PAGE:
With various tensions throughout the world, defense spending in the United States and abroad is growing, and I do not see this changing any time soon.
Northrop Grumman is highly successful in defense circles, well known for providing high quality products. This is reflected in their financial results as they continue to grow revenues and profits quite nicely. And as a result, NOC is able to increase their dividends annually. Over the long run I would expect revenues to grow in revenues in the 6-8% range annually, and when combined with more efficient operations, would drive a profit increase in the 10-14% range.
And Northrop Grumman likes to share its success with its shareholder in the form of dividends. The current dividend yield for Northrop Grumman is a quite generous 1.94%. And they have increased their dividend payments for 12 consecutive years at an average rate of 13% a year. At that rate of dividend increase, the rate of dividend will double every 5.5 years.
Northrop Grumman is run by the well-respected chief executive officer Kathy Warden. She has been with the company since 2008 in various leadership roles and has been CEO for the last two years.
A look at Northrop Grumman’s balance sheet shows that their financial position is very strong. A balance sheet with $14 billion in long-term debt against a market capitalization of $50 billion, indicates that the company is in very good financial health.
General Dynamics (ticker GD) is also a defense contractor that provides a wide range of defense products including nuclear submarines and Abrams tanks. They also make Gulfstream jets sold for civilian use.
We discussed above how the defense industry is thriving now, and we do not see that changing.
Like Northrup Grumman above, General Dynamics has a thriving business. Its high-quality brands will enable General Dynamics to grow its profits by at least 10% a year and much of this increase will be returned to shareholders in the form of higher dividend payments.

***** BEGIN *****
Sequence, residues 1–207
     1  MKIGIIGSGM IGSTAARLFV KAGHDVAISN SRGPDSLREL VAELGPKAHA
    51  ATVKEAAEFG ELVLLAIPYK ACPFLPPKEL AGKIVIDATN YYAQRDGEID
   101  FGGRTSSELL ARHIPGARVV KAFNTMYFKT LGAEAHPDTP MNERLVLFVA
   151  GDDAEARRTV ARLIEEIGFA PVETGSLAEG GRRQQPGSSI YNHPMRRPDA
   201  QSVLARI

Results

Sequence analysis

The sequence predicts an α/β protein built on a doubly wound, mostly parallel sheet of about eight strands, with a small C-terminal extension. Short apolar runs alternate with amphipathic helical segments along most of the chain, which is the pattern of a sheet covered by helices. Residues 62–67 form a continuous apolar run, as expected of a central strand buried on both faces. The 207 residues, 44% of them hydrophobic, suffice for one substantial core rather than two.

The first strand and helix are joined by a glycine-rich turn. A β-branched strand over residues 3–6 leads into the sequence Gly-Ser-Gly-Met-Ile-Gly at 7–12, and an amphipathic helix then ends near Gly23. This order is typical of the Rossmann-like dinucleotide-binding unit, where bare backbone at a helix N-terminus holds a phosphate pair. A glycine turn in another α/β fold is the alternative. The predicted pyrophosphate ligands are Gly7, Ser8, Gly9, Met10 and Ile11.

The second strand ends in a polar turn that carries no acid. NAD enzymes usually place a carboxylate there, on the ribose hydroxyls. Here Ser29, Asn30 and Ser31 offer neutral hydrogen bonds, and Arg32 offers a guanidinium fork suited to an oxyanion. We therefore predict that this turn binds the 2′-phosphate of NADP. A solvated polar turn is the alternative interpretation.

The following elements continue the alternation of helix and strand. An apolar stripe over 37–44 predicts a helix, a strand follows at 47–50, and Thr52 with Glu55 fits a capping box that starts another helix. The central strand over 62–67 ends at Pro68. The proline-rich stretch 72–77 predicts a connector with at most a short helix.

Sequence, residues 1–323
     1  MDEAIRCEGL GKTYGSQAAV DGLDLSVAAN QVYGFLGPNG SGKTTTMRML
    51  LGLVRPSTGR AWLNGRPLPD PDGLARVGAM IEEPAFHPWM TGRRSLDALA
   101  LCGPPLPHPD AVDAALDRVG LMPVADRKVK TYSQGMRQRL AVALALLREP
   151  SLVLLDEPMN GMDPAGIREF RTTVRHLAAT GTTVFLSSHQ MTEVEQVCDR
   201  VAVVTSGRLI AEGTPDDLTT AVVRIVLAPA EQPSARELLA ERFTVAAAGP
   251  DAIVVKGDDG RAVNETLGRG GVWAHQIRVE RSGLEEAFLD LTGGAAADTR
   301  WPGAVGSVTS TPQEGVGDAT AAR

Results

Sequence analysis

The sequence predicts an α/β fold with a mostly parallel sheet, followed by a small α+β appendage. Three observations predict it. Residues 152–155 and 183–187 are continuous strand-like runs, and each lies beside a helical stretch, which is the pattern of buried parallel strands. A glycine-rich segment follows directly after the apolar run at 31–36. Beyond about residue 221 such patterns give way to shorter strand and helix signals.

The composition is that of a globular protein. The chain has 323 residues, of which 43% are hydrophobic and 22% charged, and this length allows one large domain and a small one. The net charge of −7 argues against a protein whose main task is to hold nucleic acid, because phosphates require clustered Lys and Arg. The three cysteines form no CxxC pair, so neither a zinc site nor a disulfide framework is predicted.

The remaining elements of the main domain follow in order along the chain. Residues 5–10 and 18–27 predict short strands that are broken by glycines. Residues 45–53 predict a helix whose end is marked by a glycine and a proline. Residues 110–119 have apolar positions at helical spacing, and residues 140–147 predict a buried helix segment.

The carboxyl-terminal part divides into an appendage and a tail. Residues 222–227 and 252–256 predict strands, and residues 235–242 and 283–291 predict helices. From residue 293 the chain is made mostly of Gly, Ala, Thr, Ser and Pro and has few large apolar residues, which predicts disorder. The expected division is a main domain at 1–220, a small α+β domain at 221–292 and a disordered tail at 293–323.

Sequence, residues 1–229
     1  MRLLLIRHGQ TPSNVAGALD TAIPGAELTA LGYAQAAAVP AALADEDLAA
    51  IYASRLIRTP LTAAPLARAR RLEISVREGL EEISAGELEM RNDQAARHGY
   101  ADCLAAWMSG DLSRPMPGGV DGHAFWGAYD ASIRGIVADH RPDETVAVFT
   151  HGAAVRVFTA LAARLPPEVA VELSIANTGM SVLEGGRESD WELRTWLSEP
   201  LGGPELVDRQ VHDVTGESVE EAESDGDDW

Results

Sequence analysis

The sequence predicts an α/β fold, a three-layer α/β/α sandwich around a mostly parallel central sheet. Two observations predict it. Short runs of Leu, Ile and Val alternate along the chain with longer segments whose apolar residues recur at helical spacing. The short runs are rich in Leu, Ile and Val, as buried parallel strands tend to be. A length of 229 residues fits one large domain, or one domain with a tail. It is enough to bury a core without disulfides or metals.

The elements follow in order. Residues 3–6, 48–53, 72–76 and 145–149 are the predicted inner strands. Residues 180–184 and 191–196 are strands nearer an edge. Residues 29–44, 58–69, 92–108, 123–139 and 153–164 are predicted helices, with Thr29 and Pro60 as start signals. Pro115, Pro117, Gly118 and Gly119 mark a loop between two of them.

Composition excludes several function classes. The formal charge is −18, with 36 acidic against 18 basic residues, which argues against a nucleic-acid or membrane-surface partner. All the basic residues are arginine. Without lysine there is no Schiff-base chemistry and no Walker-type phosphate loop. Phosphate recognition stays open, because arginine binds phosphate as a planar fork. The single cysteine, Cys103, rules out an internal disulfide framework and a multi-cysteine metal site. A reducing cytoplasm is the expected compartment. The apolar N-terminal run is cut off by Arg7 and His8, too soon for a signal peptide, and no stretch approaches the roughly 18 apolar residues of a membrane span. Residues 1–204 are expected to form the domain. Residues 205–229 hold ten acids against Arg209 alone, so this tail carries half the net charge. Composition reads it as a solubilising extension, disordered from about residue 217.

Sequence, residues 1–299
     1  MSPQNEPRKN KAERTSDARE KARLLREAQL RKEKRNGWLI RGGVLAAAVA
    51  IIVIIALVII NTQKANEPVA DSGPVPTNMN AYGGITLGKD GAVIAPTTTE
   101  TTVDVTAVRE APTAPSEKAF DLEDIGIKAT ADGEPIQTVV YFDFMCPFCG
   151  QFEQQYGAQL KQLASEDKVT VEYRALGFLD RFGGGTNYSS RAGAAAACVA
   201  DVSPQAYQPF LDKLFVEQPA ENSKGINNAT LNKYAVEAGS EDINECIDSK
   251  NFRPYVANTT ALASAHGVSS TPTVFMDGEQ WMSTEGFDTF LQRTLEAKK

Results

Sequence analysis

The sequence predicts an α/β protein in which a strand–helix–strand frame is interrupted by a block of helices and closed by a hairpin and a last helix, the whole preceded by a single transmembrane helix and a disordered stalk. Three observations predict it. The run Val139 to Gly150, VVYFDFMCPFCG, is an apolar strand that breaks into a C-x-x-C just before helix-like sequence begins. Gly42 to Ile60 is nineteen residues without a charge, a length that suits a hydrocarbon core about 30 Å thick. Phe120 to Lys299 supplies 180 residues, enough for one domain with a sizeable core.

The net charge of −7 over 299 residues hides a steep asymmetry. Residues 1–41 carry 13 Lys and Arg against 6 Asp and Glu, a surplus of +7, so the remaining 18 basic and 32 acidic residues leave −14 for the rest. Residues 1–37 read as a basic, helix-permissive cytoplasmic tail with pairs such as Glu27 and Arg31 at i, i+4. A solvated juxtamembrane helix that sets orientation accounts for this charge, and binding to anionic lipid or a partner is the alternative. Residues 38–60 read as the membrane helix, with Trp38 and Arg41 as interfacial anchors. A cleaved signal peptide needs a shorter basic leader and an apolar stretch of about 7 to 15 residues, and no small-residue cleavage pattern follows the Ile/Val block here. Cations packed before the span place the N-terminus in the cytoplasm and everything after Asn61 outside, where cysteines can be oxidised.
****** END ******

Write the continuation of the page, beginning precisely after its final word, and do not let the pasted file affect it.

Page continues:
The General Dynamics stock currently yields a very generous 2.8%. They have increased their dividend for 30 consecutive years by an average of approximately 9% a year. So they are big believers in sharing their success with shareholders.
General Dynamics has been run by the well-respected chief executive officer Phebe Novakovic since 2013, so we are in good hands with her at the helm.
With only $10 billion in long term debt for a company with a $45 billion market capitalization, General Dynamics has a very strong balance sheet that will allow them to weather any storm the economic cycles will throw at them.
Boosting your portfolio income is important, especially the closer you get to retirement.
You can be confident building a stream of passive income with dividend investing but be careful how you pick your stocks.
Use our five step criteria to pick the best dividend stocks for passive income investing.
Use Northrop Grumman and General Dynamics discussed above as examples as you start your research.